A letter signed by eight members of Congress that urges the Department of Housing and Urban Development to allow co-ops under the HECM program has circulated among policymakers. Addressed to Housing Secretary Shawn Donovan, the letter stresses the high number of co-ops in the United States and the disadvantage seniors face by living in them and not being able to qualify for a HEMC loan.
“With over one million housing cooperative units in the United States today, thousands of these home owners are impacted by not being able to access HECMs,” the letter states.
In particular, New York residents who live in co-ops comprise a substantial portion of this population.
“If done well, reverse mortgages have the potential to help older consumers, especially those who own co-ops in NYC,” said Rep. Carolyn Maloney (D-N.Y.), one of the signing members of Congress. “Often these seniors’ homes are their largest asset. By freeing up the equity in those homes, seniors can remain in their homes and live comfortably.”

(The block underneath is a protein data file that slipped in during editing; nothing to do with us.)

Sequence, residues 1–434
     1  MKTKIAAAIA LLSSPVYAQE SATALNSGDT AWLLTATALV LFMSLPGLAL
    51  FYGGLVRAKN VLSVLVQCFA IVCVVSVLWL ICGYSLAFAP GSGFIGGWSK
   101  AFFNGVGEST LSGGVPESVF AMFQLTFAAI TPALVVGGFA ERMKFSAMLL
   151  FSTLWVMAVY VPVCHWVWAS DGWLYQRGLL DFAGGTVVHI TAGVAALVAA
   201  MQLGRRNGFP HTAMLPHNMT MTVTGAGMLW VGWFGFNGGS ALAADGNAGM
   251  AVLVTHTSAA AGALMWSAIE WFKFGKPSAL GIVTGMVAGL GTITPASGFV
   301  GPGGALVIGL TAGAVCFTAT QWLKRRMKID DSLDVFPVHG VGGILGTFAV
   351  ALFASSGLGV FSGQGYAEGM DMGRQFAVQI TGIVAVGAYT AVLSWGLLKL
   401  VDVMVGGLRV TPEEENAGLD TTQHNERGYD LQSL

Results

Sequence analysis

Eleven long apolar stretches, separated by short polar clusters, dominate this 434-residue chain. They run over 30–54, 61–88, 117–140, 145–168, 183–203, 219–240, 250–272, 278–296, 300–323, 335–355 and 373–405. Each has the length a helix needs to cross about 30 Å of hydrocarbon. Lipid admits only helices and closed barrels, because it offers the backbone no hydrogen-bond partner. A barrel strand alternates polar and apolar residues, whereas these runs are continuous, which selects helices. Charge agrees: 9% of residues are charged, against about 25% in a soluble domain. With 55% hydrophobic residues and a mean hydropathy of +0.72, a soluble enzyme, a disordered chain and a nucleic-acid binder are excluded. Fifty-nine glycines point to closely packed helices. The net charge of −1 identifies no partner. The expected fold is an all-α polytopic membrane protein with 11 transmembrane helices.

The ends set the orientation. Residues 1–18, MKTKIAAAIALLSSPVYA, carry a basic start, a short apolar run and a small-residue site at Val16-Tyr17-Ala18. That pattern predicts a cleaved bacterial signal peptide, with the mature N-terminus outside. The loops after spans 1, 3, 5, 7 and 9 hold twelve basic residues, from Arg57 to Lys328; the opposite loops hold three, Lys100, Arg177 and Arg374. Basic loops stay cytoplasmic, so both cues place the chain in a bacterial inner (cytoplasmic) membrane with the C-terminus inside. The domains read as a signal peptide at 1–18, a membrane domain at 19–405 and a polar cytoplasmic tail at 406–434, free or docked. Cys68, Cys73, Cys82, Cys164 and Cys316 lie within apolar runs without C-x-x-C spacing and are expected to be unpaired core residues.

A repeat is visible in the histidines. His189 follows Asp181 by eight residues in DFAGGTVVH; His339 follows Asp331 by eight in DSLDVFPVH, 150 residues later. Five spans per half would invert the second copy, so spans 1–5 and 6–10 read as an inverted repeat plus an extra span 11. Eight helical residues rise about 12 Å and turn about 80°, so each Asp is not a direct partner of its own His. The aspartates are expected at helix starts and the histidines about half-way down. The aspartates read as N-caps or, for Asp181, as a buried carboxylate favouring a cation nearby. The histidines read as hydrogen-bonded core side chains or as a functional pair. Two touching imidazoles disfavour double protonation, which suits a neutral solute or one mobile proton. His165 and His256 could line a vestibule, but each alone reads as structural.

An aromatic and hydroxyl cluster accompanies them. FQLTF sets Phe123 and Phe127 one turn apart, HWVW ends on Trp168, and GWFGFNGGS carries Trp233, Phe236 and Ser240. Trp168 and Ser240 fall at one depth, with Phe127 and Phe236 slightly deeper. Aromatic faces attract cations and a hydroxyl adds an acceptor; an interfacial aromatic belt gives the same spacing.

Further, the letter underscores the importance of the HECM program at this point in time, as many seniors find themselves struggling financially.
“In today’s housing market, your assistance in removing HECMs from the ‘back burner’—would be invaluable to the economic and physical health of older Americans struggling to stay afloat in this economy,” the letter states. “…we urge you to issue home equity conversion guidelines, giving our seniors who own shares in housing cooperatives the same opportunity to access HECMs as all other home owners.”
The latest from HUD on the HECM program and co-ops was a statement from a HUD spokesman in late 2010 which noted the department was evaluating the HECM program for co-ops to determine if it would meet HUD’s financial requirements.
Written by Elizabeth Ecker